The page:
Chanda La Touche: ‘Life too short not to live good’

admin

THE tragic death in 2015 of Chanda La Touche’s father, Gerald La Touche, made her realise life was too short to do anything else but live. This is a chief reason for her entry to the Miss TT World competition.

Growing up, the Diego Martin resident always wanted to be a part of the competition.

“Growing up I would be watching the pageant and I would fantasize about being on the stage and answering the questions. I knew I was good at answering questions and talking.”

But whenever the local screening came up, the 26-year-old would find some reason not to attend.

Her father’s death in a car accident was a reality check for La Touche.

Chanda La Touche –

“When my dad left home that morning he had no idea he was going to die. I spoke to him the night before and sadly our last conversation was like a little argument.

“Nothing serious but I had no idea that would be the last conversation I would have with my father.

“It made me realise life is too short not to live good,” she said to Newsday in a phone interview.

This year would have been the last time she could enter the competition and so with the encouragement of friends and family she decided to enter.

She was screened on March 7 and selected as a finalist at the end of March.

Her natural desire to help people and be of service was another reason to enter.

Chanda La Touche –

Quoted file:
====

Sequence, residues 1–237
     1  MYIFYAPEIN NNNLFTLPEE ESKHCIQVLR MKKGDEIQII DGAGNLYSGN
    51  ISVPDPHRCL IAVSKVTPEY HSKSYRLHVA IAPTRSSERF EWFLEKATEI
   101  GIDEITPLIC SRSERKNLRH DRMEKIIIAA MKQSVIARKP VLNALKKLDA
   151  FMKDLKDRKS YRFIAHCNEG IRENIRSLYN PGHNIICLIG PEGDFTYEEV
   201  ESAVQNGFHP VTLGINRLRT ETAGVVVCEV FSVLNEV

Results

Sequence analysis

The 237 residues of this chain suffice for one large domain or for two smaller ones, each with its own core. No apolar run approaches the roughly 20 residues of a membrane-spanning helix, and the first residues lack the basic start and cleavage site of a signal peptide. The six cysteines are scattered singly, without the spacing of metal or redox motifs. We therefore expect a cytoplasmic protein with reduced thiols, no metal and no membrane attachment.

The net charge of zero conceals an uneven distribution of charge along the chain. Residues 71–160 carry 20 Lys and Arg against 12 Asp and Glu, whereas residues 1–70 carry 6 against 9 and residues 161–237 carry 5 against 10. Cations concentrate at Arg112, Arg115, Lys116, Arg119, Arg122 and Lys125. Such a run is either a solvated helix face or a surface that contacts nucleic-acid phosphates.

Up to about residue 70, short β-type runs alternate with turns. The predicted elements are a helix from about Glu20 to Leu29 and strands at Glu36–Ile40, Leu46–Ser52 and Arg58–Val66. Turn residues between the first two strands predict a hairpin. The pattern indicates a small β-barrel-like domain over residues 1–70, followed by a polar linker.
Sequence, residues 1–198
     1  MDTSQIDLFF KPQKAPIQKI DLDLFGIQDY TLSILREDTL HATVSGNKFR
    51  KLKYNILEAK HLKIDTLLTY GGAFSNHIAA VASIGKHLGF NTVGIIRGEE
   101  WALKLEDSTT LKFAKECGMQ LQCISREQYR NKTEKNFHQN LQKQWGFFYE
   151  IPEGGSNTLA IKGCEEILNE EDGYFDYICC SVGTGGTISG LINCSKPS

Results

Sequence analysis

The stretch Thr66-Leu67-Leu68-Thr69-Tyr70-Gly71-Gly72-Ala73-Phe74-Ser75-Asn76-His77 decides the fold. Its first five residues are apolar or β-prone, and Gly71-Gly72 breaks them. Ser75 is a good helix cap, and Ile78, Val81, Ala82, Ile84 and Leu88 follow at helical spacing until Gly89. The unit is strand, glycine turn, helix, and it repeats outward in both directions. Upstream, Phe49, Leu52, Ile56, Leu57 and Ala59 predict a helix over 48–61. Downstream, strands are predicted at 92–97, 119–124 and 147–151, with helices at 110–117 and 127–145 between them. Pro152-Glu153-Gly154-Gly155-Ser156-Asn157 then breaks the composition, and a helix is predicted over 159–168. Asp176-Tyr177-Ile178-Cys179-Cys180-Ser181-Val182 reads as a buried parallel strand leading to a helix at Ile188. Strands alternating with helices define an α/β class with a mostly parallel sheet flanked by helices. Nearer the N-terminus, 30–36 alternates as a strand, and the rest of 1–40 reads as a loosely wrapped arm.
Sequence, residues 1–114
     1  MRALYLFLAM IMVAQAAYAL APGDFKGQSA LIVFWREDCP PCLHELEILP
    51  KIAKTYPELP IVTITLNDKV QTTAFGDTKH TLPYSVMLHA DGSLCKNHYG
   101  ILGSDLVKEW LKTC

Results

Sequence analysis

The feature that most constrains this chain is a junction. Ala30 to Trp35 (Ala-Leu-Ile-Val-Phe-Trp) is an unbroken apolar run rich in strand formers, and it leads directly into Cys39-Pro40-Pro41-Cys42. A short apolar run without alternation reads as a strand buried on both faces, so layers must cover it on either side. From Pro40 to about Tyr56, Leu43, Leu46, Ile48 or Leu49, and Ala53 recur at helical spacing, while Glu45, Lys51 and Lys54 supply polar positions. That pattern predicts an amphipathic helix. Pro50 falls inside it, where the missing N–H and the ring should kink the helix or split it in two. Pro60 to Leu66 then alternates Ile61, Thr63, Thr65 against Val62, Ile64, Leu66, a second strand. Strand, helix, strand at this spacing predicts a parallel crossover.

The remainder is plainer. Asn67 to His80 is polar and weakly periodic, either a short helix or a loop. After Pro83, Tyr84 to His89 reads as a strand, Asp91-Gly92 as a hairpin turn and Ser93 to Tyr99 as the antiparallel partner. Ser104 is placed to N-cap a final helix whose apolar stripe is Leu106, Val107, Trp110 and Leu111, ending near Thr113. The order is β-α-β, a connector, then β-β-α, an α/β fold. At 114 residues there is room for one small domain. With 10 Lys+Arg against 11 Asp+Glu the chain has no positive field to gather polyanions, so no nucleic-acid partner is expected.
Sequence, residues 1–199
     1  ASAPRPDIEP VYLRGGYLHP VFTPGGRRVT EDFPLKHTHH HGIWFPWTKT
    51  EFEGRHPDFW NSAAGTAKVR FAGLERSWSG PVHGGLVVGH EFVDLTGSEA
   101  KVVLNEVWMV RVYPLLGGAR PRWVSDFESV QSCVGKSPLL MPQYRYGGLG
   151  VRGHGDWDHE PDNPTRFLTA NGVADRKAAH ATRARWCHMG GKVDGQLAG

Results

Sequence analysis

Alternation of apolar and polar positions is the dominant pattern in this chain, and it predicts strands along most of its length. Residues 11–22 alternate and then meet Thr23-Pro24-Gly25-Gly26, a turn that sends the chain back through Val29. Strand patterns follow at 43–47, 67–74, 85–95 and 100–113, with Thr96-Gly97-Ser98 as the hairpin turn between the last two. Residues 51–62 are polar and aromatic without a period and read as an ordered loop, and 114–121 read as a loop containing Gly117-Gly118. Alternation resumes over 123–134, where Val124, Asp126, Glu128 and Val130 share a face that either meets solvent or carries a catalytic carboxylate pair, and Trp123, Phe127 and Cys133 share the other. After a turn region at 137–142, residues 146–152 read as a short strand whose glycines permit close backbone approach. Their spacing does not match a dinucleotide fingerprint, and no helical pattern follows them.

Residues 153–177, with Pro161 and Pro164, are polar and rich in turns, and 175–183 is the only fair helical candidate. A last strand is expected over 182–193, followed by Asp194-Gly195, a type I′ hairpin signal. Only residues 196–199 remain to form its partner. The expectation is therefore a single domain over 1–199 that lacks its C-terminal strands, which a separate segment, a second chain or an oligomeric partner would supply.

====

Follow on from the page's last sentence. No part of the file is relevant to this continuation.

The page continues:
La Touche is interested in international relations, foreign affairs and current affairs. She has a bachelors in international relations and she is completing a masters in global studies.

She believes competitions like Miss World and Miss Universe provide a positive platform for women to amplify their voices.

For her, these competitions are still relevant. Social media and social presence are so important and these platforms allow women to become people of influence, she said.

“People are influenced by you. They look to you. They look at you and what you do. I believe the Miss World and Miss Universe are positive platforms as they deal with issues that are humanitarian in nature.”

She doesn’t think the competition informs negative beauty constructs or concepts as “beauty is so subjective.

“Who is to say what beauty is. To me anyone can go up for Miss World or Miss Universe…to me there is no standard of beauty.”

A component of the competition is the Beauty with a Purpose Initiative.

La Touche’s initiative is called Project HOPE and with HOPE standing for Harnessing Optimism, Projecting Excellence.

In that project she wants to assist in improving the Cyril Ross Nursery, Tunapuna. The home treats children with HIV/Aids.

She is going to start her work at the home on August 15.

“I sit as the TT youth representative on the National Aids Coordinating Committee (NACC) so me being exposed to Cyril Nursery is not today with Miss World. It would have stemmed from my work on the NACC.”

She has a genuine interest in the children and wants to continue her work with the nursery beyond her Miss TT journey.

La Touche will begin by improving the nursery’s physical space and then hopes to introduce cultural and agricultural programmes among others to the children. She hopes to become an ambassador for TT given her love for people and country.

 

The post Chanda La Touche: ‘Life too short not to live good’ appeared first on Trinidad and Tobago Newsday.

Next Post

Emancipation sweetness

The years 1777-1787 in TT saw the arrival of the French planters, who brought with them their slaves, amongst whom were a number of excellent cooks. The food at that time was becoming more plentiful and exciting. Salted fish and meats were imported mainly for their slaves, who dined on […]